The Claregalway Historical and Cultural Society
Thomas was a local poet who was born in Caherlea, Claregalway. A good many of his poems were known to the generation that has now almost passed away and fragments of them may still be found. He had not the music of Raftery or his easy ﬂuency but his poems are valuable for the insight they gave of the local conditions in his time. His best known poem is ‘Mainistir Bhaile Chláir’ — Claregalway Friary.
An Preabaire (a strong lively man) was a stone mason by trade and was said to have worked as such at the building of the previous parish church. He was said to have been a tall man, much taller than the average and a good hurler and athlete. A long distance jump, which he made, is said not to have been equalled or exceeded since. The spot at which it was made, in the fields called an Turloch Iseal to the east of the road from Carnmore crossroads to the Oranmore railway station, is still pointed out.
An Preabaire died in the village of Caherlea. He carved stone bedposts for himself which still survive. He was also engaged in carving a stone to be placed on his grave, but died before completing it. It is still pointed out in Caherlea.
The story of how he came to be called Preabaire, which means a lively active person, is interesting. There was a family of the ubiquitous Blakes in Summerfield near Cahergowan village who were of the gentry class. On this occasion there was some celebration there and the Preabaire was amongst those present. He asked one of the Blake ladies to dance with him and she did so. It was a daring thing for a man in his station to do but the lady was highly pleased with his audacity and no doubt skill as a dancer and in thanking him she said ‘Baistim se Preabaire ﬁr ort’ and the name remained with him while he lived.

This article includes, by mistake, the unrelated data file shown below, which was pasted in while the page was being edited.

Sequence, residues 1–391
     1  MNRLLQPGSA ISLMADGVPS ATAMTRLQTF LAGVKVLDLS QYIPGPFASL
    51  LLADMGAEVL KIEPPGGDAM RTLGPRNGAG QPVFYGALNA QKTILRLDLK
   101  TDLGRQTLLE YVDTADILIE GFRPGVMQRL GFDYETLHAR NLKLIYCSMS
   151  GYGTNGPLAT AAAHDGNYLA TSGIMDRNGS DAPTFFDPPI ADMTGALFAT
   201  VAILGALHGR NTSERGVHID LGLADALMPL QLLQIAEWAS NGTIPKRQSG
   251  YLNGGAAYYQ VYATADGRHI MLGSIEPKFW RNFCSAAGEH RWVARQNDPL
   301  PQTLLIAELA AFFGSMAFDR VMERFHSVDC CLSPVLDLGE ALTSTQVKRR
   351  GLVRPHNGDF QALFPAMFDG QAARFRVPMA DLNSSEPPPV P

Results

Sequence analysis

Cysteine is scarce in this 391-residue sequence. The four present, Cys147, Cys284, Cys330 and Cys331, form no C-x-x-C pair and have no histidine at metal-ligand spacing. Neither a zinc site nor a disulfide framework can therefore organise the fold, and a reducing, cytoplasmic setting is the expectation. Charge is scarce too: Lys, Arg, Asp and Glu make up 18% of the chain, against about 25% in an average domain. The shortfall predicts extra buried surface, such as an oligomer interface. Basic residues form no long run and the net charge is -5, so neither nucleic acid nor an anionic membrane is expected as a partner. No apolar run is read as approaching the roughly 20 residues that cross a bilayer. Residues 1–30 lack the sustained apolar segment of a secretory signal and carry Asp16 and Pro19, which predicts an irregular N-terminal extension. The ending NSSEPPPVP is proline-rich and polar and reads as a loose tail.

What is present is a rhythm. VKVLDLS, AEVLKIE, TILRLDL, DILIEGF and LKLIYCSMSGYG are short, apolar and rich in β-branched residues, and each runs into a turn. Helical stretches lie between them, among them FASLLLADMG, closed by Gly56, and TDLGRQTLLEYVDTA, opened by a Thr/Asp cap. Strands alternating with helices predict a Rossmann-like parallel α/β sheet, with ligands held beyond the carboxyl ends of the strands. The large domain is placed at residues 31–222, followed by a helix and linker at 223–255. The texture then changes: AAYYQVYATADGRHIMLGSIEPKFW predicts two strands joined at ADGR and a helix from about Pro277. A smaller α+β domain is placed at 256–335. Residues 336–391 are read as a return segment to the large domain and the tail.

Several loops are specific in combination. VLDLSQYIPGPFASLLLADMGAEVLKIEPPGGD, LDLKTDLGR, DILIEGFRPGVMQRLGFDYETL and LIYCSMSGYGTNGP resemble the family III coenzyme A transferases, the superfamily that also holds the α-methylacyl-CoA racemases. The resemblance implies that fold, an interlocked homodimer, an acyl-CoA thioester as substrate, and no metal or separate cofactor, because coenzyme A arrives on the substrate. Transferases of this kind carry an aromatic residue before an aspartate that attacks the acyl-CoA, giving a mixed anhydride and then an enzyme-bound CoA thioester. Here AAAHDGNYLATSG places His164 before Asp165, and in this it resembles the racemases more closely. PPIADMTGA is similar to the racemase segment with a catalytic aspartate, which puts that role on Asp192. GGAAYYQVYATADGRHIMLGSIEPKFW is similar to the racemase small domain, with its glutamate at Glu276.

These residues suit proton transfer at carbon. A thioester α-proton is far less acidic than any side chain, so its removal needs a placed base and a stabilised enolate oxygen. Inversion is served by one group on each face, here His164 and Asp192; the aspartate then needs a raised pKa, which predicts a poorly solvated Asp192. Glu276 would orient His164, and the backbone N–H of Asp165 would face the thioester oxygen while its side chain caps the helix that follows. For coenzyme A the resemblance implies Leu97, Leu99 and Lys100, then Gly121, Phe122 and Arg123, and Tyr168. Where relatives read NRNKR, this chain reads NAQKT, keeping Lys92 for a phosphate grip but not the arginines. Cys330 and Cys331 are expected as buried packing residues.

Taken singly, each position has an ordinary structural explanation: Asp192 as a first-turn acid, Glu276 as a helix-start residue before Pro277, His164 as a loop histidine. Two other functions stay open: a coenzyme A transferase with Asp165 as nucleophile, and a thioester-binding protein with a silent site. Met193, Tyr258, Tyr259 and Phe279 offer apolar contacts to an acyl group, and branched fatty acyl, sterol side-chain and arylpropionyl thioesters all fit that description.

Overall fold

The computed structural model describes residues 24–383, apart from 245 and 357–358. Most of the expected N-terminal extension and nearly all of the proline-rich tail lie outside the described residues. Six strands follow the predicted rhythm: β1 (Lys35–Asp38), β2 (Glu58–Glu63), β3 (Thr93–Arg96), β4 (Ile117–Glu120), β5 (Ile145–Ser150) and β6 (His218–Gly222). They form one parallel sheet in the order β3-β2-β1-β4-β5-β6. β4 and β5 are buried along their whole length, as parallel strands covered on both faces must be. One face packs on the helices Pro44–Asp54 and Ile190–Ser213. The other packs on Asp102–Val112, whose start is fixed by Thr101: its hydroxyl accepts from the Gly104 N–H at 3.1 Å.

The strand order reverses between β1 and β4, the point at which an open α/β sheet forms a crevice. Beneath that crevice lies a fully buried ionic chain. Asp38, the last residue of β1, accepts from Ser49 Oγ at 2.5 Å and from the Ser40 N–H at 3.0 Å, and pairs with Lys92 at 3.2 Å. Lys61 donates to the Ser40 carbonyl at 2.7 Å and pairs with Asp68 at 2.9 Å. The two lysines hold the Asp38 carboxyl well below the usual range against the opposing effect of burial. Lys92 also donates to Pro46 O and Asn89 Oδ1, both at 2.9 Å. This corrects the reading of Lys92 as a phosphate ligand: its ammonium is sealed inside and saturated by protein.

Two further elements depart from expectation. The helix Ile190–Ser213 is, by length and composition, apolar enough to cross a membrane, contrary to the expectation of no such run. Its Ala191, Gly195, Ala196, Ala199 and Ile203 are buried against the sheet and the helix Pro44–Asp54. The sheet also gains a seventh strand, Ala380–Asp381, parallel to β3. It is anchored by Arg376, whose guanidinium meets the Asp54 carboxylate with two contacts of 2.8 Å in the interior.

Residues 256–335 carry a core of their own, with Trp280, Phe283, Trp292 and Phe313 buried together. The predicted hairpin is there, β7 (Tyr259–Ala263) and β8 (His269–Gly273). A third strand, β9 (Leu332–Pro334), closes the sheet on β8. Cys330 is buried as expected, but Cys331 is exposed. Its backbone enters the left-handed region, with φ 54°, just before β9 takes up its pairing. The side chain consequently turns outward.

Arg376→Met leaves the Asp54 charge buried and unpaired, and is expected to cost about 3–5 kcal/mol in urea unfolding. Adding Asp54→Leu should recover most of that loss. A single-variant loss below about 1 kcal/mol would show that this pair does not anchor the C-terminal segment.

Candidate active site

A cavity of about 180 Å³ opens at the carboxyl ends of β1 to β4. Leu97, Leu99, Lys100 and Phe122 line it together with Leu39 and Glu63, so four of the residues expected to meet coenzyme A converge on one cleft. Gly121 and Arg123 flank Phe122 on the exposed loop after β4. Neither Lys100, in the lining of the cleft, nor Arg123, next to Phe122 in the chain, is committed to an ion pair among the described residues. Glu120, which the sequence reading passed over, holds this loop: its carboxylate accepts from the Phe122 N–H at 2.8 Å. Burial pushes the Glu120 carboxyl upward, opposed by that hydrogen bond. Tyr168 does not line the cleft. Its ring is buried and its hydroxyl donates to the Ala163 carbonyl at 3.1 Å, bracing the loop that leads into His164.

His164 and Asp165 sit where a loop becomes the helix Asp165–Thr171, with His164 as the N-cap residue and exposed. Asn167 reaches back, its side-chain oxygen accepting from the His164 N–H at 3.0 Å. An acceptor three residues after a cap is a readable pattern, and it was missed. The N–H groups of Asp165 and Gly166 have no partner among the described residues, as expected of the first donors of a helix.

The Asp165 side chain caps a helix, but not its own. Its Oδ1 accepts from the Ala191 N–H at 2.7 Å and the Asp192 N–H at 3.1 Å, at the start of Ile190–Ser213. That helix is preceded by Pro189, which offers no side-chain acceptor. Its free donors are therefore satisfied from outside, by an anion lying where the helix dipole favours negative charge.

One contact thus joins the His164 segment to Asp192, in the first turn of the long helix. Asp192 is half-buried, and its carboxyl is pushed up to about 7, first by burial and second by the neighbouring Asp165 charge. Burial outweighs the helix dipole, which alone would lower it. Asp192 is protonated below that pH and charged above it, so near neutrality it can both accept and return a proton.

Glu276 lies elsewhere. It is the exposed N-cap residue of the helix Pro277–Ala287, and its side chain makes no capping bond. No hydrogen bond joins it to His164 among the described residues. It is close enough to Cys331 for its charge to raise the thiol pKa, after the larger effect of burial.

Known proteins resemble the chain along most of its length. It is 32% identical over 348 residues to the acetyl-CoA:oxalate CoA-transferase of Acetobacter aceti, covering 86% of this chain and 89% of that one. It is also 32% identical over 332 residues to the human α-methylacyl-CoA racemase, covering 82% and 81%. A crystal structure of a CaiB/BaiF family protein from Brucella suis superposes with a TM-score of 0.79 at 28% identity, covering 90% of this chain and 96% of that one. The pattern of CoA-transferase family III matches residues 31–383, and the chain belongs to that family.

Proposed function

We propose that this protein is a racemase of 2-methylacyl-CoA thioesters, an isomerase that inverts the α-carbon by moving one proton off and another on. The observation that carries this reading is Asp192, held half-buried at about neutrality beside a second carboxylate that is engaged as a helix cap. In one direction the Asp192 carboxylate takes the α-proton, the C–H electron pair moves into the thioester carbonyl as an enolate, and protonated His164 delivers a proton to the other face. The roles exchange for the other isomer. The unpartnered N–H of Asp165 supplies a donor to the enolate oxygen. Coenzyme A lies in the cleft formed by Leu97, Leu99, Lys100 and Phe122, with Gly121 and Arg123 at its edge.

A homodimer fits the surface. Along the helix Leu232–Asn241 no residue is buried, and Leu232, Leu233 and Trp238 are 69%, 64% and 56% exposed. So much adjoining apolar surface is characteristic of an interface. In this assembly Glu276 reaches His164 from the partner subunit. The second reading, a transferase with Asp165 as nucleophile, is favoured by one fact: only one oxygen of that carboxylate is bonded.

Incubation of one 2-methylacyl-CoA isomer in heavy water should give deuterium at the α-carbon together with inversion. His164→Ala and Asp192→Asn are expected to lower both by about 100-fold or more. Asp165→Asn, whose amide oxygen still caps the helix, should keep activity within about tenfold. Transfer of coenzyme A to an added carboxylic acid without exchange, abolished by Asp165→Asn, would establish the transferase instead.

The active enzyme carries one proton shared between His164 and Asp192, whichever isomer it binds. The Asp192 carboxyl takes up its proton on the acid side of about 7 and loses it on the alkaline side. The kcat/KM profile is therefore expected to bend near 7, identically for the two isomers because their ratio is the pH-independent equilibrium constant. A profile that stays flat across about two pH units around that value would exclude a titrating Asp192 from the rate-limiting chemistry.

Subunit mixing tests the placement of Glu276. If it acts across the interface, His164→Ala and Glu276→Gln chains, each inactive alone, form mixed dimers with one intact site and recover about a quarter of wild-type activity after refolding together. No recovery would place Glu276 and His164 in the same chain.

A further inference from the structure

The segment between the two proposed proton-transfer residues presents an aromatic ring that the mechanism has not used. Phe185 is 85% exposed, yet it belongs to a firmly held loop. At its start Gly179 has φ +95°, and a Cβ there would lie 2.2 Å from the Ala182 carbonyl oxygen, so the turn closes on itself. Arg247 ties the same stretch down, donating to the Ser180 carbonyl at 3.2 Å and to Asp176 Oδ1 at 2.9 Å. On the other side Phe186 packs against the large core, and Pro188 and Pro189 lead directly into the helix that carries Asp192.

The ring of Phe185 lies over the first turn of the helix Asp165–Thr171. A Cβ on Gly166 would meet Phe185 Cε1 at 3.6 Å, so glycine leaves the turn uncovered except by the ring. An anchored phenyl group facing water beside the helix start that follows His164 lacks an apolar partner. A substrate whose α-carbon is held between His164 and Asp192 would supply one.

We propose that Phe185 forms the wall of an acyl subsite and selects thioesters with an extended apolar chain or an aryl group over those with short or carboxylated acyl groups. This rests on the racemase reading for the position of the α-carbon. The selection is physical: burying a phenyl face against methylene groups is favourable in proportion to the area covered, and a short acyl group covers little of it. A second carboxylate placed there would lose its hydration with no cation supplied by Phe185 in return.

He is also remembered for his humour and jokes as when one day himself and John Fox from Caherlea were in Galway and some of the British soldiers were playing soccer in Eyre Square. They had never seen soccer before and when the ball came out over the wall they got it and thus brought the ﬁrst soccer ball to Claregalway. It is said that the football was being kicked around in Fox’s turlough until the great famine.
Thomas Kerrigan died between 1920 and 1930. After his death ten ballads were attributed to him, best known of which is “The Abbey of Claregalway” which was published in 1919 by Mrs Eileen Costello, Tuam.
Mainistir Bhaile an Chláir – Pádraig Ó Néill
Doegen Records Web Project, Royal Irish Academy
‘S nach deacair a rá nach (fuar í) is nach cráití é an bás,
‘S nach (dtiúrfadh an leabhar ná nóiméad le fáil),
‘S nach fiú agus (…) nó an (fulaingeoidh) nuair a bheas sí síntí os cionn cláir
Ach go bhfóireoidh Mac Muire ar ár n-anam más créatúir muid a cuirfíor le fán.
Fágaimse le huacht is le aithrí dhá mbeinnse in mo shagart san áit
Nach (gcuirfí ann) aon bhreithiúnas aithrí ar aon fhear ar Bhaile ‘ Chláir,
Mar tá siad ag diúltú dhon pheacadh ‘s ag leanúint na rialachaí is fearr,
Is an fhad, ó, go (…) ar an gcathaoir beifear gairid sna flaithis le fáil.
It is not hard to say that death is a cold and tormenting thing,
And it is not worth (…) when she is laid out
But may The Son of God help our souls if we are creatures who will be sent adrift (?).
I solemnly declare that if I were a priest in the place
That no sacramental penance would be given to any man in Ballyclare
For they reject sin and follow the best rules,
And so long as (…) on the chair they will be soon found in heaven (?).
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